Forget what scientists say about the laws of time, physics and gravity: Time travel does exist. Don’t believe me? Go play your top played tracks on iTunes. (Really, pull it up. I don’t mind waiting.) Feel those memories come flooding back, like you are instantly transported to a previous time in your life?
Scientists have proven that songs have a strong tether to memories, life outlooks, feelings and situations. I think that calling them “miniature time-travel nuggets” is much more fun.
Song songs are easy to explain: “Baba Yetu,” for example, is my senior year in high school chorale, and the Christmas tune “Lo, How a Rose Ere Blooming” is the second cantata I did in my church choir. Any track from “You’re a Good Man, Charlie Brown” makes me feel extreme disappointment and self-consciousness,
probably definitely stemming from when I was the only one of my friends not cast in a high school production of the cartoon-based musical. The Rolling Stones “Beast of Burden” is from a corner bar in Paris, anything by Glenn Miller is foever Red Oak, Iowa and Modest Mouses’ anthem “Float On” is my friend Jessa’s 19th birthday. Others, though, take more explanation. A sampling of the songs that have the largest time-travel effect on me:
“Teenage Dream” by Katy Perry
This is one of my favorite songs, not for how it sounds or what the lyrics convey. Rather, it reminds me of freshman move-in. My parents and I got to Creighton’s Kiewit Hall early, and this song was playing on repeat for a solid 45 minutes. I didn’t care: I was slightly scared, extremely excited and confident in myself. My future was full of promise, and everything was shiny and new and wonderful and all mine (except for the communal showers.) I can’t listen to this song without smiling and feeling a little more confident. I also own three different versions of it….this one, this one and this one. That’s how much I like it.
“My Maria” by Brooks & Dunn
Hearing this song takes me back to when I was young, like sitting in the backseat young. I remember trying to sing the chorus in one breath: “MY MARRIIIIIIIIIIIIIIIIIAAAA.” I could never do it.
This song was on the first CD I ever burned. It was the summer before 7th grade, and my family drove to New Jersey. I must have listened to this song on my personal CD player a thousand times on that trip. (Remember when personal CD players were a thing?) I can still see the Pennsylvania countryside, Ohio river valley and the New Jersey shoreline when I hear this song.
“Come on Eileen” by Dexy’s Midnight Runners & Kevin Rowland.
Ah, “Come on Eileen.” Who doesn’t love this catchy little ditty from the 1980s with a driving beat and an awesome brass section? Me. I hate it. This song is evil. (I am listening to it right now, and my stomach is churning. My hands just started to sweat, and my heartbeat has picked up.) I hear this song and do everything in my power to stop it: change the radio station, leave a room, wail and gnash my teeth louder than the music, etc. Why? Because the last time I listened to this song, I nearly died. (I am not just being dramatic here: I literally almost perished.)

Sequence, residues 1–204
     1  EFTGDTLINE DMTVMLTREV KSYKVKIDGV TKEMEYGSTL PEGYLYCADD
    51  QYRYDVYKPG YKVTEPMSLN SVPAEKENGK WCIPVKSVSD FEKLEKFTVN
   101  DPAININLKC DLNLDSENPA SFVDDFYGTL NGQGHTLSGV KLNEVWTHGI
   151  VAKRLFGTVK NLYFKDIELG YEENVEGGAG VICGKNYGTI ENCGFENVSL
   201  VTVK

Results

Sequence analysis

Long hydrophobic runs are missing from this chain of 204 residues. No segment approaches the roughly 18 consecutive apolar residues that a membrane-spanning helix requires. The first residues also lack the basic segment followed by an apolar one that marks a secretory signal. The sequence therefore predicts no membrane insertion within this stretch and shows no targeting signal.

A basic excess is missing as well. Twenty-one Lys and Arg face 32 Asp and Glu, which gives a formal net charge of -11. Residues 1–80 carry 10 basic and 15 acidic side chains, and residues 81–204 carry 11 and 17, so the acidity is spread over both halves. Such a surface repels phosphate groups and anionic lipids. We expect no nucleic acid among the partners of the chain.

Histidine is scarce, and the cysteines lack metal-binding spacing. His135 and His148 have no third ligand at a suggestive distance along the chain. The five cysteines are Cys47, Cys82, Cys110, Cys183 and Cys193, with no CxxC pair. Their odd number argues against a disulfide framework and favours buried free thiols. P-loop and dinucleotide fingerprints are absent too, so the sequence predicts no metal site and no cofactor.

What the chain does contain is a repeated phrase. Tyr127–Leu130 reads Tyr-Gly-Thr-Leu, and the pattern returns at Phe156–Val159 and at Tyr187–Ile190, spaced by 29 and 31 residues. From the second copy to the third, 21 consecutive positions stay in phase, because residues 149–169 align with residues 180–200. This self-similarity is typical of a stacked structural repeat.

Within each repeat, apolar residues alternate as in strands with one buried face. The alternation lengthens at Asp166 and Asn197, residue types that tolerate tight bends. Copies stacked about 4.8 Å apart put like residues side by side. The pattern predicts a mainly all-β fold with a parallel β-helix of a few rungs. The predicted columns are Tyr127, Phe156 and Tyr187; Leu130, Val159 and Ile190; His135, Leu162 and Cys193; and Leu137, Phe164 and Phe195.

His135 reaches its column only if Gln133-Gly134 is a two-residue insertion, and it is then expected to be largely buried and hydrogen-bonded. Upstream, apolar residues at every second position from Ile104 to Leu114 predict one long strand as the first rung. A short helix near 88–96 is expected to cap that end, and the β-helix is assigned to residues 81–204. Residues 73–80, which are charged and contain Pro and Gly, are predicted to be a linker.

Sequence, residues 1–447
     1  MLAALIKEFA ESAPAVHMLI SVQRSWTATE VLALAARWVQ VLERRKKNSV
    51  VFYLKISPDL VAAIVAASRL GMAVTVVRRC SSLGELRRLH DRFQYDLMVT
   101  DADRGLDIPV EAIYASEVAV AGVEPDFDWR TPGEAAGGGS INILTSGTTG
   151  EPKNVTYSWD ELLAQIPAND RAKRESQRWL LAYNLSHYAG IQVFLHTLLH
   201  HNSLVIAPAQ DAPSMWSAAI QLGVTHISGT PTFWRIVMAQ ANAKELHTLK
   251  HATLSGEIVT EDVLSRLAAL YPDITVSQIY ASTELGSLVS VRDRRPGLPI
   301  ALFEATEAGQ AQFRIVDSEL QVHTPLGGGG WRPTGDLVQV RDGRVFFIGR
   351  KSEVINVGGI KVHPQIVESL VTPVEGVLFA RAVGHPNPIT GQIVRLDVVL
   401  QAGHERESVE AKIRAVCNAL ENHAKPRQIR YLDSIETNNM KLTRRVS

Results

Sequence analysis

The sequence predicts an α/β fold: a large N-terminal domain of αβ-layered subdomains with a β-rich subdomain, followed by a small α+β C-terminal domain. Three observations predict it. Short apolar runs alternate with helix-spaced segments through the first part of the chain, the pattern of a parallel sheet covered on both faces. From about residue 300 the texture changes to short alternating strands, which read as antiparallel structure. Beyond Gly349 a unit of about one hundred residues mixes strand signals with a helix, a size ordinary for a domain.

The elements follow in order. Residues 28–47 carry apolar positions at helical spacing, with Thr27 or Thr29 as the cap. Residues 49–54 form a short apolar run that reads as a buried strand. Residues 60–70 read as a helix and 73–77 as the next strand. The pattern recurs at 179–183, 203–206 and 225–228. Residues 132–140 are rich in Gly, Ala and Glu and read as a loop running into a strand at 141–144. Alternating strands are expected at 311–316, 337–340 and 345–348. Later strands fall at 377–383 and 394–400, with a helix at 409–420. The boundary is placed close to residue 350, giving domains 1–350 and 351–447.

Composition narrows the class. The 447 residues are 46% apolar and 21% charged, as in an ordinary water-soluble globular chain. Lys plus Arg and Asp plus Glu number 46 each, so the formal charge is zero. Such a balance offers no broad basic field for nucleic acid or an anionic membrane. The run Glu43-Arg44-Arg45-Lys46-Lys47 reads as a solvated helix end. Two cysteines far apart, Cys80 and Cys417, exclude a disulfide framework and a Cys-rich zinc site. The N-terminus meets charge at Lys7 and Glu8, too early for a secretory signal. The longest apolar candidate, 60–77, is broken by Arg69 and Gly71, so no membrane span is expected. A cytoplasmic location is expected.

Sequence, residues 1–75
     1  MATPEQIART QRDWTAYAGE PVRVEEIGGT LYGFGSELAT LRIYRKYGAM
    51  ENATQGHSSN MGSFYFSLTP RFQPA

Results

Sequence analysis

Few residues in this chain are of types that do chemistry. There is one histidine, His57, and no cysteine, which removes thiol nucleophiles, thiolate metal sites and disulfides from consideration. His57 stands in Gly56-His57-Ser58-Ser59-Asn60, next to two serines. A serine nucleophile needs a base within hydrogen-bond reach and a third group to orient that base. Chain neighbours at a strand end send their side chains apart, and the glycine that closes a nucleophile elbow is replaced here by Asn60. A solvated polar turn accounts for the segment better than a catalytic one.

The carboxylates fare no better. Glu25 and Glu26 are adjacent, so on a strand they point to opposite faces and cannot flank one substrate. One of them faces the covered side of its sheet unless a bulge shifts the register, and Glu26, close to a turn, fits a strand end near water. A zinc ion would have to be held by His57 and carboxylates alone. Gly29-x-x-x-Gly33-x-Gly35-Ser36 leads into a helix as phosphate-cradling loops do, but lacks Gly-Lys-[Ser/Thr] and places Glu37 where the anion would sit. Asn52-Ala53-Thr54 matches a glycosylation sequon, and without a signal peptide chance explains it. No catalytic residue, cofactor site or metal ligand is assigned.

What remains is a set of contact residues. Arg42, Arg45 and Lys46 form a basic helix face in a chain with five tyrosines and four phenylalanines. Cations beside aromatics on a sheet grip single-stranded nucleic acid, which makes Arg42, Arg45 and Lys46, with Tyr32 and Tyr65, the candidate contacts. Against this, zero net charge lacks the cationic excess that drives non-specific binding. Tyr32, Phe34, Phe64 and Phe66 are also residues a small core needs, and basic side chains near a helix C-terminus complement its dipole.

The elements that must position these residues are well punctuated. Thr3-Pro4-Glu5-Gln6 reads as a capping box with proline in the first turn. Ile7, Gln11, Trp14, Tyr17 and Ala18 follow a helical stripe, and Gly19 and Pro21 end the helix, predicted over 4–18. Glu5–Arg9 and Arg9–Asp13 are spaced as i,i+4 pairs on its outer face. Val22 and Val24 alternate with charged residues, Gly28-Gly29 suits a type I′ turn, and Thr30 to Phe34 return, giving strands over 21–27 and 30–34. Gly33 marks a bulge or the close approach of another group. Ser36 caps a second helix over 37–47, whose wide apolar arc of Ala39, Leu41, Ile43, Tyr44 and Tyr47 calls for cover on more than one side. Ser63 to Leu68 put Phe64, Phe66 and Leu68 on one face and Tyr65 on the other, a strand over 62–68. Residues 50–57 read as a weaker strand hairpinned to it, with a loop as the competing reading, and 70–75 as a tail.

Those opening violin notes instantly transport me to winter break last year. I am driving my best friends from Kearney to Hays, Kansas, to visit another one of our group. It is late, and the roads are covered in snow and ice. We nearly canceled our trip over an impending blizzard, but we decide to make the trek anyways.
This song is playing on the radio as we slowly creep along the two-lane highway. Around the 2:50 mark of the song, we climb a hill with a sharp drop-off on one side and a large snowbank on the other. When the song hits 3:20, (the part where it speeds up, faster and faster and faster,) a snowplow passes us, heading in the opposite direction. In a cloud of flying gray snow I can’t see anything, and the car swerves out of control. We are spinning and spinning, all over the road, first towards the drop-off, then over by the snowbank, and I think to myself, “I am going to die right now. I am going to kill my three best friends. It will be in the newspaper tomorrow: Girl, friends die in snowy accident. My dad will be so pissed.”
The car eventually stops, and we are (miraculously) upright and unharmed. Inside the car, it is dead silent. Yes, apparently during the spinning-out-of-control debacle of (near) death, I turned off the music. Apparently, I decided that I was not going to die listening to the synthesized sounds of “Come on Eileen.” (But really, can you blame me?)
Summer 2007: Back when Rihanna wasn’t all tatted up, Taylor Swift had curly hair and the Plain White T’s were popular. Any one of these songs conjures up my first summer working at Harmon Park Pool. They will forever be associated with extreme heat, lots of perspiration, the smell of sunscreen and multitudes of naughty children.
What songs have the biggest “time-travel” effect on you?